We all know that there were many reasons for this indifference. But to me the deep schism over the issue of the Occupation is the most significant factor that devastated our society’s early warning and control systems. The flawed and unhealthy aspects of society were able to float to the surface. And we, perhaps because we feared facing the full reality of our lives, enthusiastically gave in, throwing ourselves into various opiates which dulled the sense of reality. Sometimes we looked at ourselves: some of us really liked a lot what he saw, while others disliked it and flinched. But even those who flinched, accepted it as the way things are, and called it “the situation” as if it was a matter of fate or a decree from heaven. In addition, we have let the commercial TV channels fill in most of the space in our collective consciousness, seeing ourselves in terms of struggles for survival and predation, pitting us against each other, and making us despise all those who are weaker than us, and different from us, and who are not “beautiful” or witty, or rich. And for many years now we have stopped talking to each other, and we have certainly stopped listening. It stands to reason that when the prevailing ambience is that of “grab what you can,” you cannot help but disparage the other and rob each other blind. For that is the way they demonstrate to us and remind us at every opportunity: it’s every person for themselves and their fate.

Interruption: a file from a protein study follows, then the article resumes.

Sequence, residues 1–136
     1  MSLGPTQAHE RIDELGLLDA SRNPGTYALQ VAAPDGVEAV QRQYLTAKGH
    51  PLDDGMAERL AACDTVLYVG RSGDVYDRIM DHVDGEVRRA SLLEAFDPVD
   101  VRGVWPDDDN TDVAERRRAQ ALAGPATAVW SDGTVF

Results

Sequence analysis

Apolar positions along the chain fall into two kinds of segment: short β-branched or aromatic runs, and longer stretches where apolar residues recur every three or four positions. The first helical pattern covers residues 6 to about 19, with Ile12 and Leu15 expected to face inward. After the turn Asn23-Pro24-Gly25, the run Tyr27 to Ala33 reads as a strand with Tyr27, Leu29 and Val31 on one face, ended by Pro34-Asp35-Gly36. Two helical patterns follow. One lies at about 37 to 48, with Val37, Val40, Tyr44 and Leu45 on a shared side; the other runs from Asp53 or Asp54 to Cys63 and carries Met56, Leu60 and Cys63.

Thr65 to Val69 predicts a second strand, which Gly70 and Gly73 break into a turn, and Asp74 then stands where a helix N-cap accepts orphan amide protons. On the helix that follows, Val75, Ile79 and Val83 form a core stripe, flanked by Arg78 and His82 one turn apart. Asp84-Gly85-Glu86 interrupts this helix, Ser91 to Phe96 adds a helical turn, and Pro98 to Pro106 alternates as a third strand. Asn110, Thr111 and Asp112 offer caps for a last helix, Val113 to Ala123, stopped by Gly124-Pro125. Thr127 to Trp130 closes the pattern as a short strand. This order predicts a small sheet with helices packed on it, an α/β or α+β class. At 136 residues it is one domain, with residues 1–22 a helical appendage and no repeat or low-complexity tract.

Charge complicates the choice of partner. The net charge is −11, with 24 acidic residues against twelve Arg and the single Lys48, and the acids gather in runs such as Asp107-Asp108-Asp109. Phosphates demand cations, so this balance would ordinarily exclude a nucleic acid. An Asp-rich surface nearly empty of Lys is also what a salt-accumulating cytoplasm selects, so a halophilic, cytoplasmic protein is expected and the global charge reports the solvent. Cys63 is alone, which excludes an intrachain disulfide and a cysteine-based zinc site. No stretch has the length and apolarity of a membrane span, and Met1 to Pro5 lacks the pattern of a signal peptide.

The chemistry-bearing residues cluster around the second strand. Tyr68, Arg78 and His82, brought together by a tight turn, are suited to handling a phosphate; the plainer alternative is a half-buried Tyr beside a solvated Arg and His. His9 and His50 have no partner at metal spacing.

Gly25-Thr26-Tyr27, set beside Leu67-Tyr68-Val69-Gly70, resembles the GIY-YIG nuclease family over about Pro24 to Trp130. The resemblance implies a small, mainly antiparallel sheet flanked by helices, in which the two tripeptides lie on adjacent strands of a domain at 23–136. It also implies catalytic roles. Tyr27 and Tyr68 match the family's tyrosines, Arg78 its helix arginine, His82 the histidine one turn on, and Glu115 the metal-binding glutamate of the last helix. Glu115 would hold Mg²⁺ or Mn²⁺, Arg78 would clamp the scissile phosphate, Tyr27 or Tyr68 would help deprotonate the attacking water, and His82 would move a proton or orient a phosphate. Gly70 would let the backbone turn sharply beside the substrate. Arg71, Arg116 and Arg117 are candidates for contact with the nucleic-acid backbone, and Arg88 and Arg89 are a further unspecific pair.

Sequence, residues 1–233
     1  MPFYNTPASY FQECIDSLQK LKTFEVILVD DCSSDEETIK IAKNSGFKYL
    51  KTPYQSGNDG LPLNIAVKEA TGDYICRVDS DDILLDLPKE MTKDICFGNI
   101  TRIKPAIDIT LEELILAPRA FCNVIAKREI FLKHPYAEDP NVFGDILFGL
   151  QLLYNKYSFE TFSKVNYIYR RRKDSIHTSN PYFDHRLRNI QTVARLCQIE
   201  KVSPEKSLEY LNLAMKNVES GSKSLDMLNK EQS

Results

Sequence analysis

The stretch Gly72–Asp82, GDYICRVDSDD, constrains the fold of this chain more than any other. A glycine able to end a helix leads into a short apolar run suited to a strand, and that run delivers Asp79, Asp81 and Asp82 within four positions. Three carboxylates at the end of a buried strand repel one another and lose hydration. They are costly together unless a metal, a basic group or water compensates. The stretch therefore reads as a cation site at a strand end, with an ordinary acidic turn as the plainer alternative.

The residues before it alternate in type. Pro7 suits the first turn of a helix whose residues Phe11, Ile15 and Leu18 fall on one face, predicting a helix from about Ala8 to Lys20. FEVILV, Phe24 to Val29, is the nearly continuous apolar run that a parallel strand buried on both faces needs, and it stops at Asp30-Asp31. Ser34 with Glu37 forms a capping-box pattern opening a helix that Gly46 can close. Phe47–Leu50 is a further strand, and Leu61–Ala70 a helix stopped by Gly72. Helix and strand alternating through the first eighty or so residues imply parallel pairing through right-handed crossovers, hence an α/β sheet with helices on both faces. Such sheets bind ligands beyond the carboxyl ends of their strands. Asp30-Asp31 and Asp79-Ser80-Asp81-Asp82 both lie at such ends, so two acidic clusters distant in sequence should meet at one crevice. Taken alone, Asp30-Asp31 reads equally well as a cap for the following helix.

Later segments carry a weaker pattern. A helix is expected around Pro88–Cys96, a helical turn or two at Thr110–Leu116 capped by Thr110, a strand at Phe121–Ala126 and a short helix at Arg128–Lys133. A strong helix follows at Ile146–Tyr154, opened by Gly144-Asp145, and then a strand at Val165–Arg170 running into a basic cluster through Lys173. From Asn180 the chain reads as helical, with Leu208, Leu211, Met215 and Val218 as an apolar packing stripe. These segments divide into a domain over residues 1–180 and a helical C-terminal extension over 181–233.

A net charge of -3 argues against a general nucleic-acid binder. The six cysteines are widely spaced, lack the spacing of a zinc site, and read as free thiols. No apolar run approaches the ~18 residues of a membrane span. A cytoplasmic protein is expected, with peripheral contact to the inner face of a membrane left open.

The more we exhausted ourselves through this non-stop squabbling, the more malleable we became so we could be bewildered, controlled, and manipulated, allowing ourselves to fall victims to an invisible but effective “divide and rule” syndrome. And so, discussion of important questions trickled down from capital to regime to media, steadily getting shallower. It made us bicker about “who loves the country” and who hates it; who is loyal to the country and who betrays it, who is a “good Jew” and who “forgot what it was like to be a Jew”. Every rational discussion was smothered in a melange of sentimental, patriotic, and nationalistic kitsch whipped up with self-righteousness and victimhood. Slowly but surely, the possibility of sober criticism of what has been happening here was stifled. Eventually, Israel found itself acting and behaving towards its own citizens in total contrast to the values and world-views that were once its essence and uniqueness.